The ability of this highly confined microenvironment to induce aberrant divisions, specifically multi-daughter divisions, is an intriguing finding in itself. Previously, work has been done to elucidate the biomolecular players involved in multi-centrosome divisions by Ganem et al. [4], however here we contribute by supporting the hypothesis that multi-daughter divisions may be due, at least in part, to abnormal mechanical interactions between the cell and the immediate environment.

The observations made and metrics analyzed here are purely phenotypic. While chromosome quantification is not presented here, these abnormal phenotypic divisions strongly suggest aberrations in chromosome segregation, and should be investigated molecularly. These results provide strong initial evidence for the dependence of the mitotic geometry and polarity on the extracellular mechanical environment, and warrants dedicated, in-depth molecular characterization of the phenomena.

Materials and Methods

Microdevice Design

To simulate aspects of a compliant confinement microenvironment we designed a perfusable microfluidic device with a compressible assay chamber (4 mm×6 mm) (Fig. 1). This setup allows for ease of observation while simulating a pseudo-3D environment. The device’s low fluidic resistance allows uniform high density cell seeding and low shear stress during perfusion. The device operates under continuous perfusion with a total chamber volume exchange every two minutes to maintain the cells during assays. The array of 20 µm×80 µm posts spaced 40 µm apart within the chamber provides control of the confinement height, structural support to resist sagging, and a pseudo-3D confined environment. In contrast to 3D culture in hydrogel systems our system provides precise control of the confinement volume, active uniform delivery of nutrients to each cell, and a single imaging plane.

Microfluidic Chip Fabrication

The master molds for the mechanical micro-confinement culture device were fabricated using negative photoresist (SU-5, Microchem Corporation). The base layer was spun on at 950 RPM to yield a 15 µm channel height, and the post heights (Δy) were 7 µm and 3 µm, corresponding to 1750 RPM and 3300 RPM, respectively. Poly(dimethylsiloxane) (PDMS) was prepared with varying (v/v) ratios of crosslinker to base (1∶10 for E = 1 MPa and 1∶20 for E = 130 kPa) [25]. The elastomer devices were cured at 65°C overnight, then cut from the mold, punched, and bonded to clean glass slides (Fisher Scientific) after treatment of both the glass and PDMS with Oxygen Plasma (0.5 Torr, 35 W) for 20 seconds.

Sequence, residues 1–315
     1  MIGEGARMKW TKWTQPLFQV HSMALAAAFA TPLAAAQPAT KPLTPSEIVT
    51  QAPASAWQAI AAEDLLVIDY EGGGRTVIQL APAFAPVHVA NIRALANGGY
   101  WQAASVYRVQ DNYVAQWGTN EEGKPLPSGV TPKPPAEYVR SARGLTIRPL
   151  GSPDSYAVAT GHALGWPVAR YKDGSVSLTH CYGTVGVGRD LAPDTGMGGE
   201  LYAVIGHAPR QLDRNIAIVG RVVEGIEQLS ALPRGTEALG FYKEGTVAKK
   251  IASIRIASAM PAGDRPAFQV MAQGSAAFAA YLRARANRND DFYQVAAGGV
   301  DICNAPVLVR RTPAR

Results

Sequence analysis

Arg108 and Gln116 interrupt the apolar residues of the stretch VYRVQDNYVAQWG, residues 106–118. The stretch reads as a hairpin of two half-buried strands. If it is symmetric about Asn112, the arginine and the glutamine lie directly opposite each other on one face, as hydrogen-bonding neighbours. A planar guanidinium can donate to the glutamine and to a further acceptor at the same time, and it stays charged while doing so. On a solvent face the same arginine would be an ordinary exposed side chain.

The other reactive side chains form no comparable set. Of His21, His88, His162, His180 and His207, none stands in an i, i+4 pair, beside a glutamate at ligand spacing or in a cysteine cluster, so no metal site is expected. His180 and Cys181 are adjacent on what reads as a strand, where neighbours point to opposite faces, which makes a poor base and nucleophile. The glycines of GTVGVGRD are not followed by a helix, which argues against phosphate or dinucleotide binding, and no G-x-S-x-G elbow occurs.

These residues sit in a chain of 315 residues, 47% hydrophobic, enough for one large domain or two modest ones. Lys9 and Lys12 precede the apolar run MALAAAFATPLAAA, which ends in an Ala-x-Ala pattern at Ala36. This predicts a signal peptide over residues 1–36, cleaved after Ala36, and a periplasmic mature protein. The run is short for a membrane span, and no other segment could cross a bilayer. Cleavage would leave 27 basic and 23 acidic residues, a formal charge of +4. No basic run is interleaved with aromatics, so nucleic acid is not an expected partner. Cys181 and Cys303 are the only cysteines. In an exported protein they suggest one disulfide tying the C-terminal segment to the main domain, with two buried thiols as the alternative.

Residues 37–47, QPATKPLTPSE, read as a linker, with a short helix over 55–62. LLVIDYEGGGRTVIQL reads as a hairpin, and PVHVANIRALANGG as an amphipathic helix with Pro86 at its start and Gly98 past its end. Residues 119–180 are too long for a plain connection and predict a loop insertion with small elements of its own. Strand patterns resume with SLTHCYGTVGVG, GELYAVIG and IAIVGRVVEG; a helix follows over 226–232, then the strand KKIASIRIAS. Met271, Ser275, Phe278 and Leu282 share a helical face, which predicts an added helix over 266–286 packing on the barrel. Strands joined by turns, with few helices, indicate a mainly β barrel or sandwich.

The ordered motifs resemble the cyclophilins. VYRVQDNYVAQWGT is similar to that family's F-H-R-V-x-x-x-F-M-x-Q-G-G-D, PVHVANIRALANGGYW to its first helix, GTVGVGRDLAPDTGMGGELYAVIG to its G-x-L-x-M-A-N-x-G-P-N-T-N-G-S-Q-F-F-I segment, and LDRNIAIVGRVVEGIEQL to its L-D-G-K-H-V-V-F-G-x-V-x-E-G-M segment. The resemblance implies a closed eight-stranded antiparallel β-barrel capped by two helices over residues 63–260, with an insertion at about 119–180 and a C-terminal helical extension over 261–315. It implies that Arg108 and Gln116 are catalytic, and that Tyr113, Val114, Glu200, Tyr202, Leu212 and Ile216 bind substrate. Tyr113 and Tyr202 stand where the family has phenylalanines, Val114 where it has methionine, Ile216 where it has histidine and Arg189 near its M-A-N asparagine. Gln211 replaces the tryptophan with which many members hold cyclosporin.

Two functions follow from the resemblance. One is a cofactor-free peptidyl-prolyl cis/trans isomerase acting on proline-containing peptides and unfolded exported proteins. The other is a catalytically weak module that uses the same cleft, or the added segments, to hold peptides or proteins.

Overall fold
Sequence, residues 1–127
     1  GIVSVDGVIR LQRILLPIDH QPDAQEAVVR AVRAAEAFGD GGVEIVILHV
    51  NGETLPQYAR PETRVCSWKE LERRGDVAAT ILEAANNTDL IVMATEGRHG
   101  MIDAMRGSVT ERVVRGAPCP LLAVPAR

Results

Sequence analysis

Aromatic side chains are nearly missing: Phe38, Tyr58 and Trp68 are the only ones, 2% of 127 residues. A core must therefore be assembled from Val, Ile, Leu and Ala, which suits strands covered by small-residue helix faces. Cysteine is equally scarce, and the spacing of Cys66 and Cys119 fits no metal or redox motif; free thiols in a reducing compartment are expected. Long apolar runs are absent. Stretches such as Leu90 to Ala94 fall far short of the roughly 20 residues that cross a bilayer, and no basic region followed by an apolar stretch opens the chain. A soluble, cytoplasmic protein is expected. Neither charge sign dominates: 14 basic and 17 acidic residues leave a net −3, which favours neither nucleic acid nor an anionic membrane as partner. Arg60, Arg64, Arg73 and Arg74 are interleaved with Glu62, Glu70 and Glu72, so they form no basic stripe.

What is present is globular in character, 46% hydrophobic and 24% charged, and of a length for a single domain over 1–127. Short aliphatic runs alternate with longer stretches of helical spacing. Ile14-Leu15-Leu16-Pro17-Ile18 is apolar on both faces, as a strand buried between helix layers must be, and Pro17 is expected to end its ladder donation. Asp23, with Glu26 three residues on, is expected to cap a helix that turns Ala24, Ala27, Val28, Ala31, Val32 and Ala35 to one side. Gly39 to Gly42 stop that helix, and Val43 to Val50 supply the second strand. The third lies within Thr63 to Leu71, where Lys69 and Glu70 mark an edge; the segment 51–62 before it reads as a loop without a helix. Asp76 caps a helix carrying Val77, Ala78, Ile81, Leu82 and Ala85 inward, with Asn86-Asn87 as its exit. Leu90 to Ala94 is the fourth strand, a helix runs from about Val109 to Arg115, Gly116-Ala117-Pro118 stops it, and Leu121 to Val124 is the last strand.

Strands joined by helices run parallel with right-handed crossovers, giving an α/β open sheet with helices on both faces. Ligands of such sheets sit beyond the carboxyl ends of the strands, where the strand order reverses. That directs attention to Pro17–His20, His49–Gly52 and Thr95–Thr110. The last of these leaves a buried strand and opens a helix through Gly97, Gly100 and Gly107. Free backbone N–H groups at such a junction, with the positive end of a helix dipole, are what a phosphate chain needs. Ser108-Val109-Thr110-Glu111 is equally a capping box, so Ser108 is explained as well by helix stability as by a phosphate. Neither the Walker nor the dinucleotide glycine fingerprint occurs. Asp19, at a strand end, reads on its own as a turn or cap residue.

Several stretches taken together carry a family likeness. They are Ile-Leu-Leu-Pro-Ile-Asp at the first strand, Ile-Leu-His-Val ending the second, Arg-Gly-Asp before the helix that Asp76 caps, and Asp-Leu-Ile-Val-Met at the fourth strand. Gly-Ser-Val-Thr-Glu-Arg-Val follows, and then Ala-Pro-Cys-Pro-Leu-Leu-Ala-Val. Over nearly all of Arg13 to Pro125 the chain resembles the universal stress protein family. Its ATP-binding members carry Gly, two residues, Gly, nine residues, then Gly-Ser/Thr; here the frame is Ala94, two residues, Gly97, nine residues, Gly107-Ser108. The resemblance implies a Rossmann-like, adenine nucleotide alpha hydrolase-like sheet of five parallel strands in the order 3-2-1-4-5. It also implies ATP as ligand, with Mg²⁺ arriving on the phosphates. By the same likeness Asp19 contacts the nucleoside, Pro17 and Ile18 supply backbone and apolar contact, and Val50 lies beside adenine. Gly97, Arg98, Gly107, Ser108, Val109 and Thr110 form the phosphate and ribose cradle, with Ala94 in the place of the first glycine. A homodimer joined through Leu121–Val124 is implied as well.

Cell Culture & Experimental Setup

Human cervical carcinoma (HeLa) cells were purchased from American Type Culture Collection (ATCC, Manassas, VA, catalog CCL-2). Cells were maintained in high glucose Dulbecco’s modified Eagle’s medium (DMEM), 100 µg mL−1 penicillin, 100 µg mL−1 streptomycin, and 10% fetal bovine serum (Gibco). Cell synchronization was performed by a two day serum starve followed by a 2 mM double thymidine block [26]. Prior to the assay, the device was primed and flushed with ethanol at 20 µL min−1 for 15 minutes, followed by a PBS flush at 20 µL min−1 for 15 minutes. The device was then coated with bovine fibronectin (Invitrogen) 50 µg mL−1 adsorbed nonspecifically for 90 minutes at room temperature. Cells were loaded as a suspension of 1 million cells mL−1 to achieve a final in-device density of approximately 100 cells per 600 µm2 in the confinement assay area (Fig. 1a). Cells were then placed in a microscope incubator for 20 minutes to allow for attachment.

For confinement assays, the device was compressed via a calibrated weight. To determine the proper mass to use for each confinement and stiffness case, a separate device, not containing cells, perfused with blue dye was used to determine when the posts came in contact with the glass substrate (i.e. the posts became optically clear). This process is graphically represented in figure 1b. The mass of calibration weights (80 g–100 g) were also confirmed by streak imaging of 2.2 µm beads which allowed tracking of compression progress (Fig. S1). Once the beads were no longer transiting under the posts, an effective calibration weight was arrived at. The heights of the devices were kept approximately constant by pouring an equal volume of PDMS:crosslinker each time a new device was molded from the master to achieve a bulk height of approximately 5 mm. Upon confinement, cells are subjected to a confinement force that is equal to the force exerted by the cell onto the substrate. This confinement force is dependent on the confinement height but not the substrate elasticity.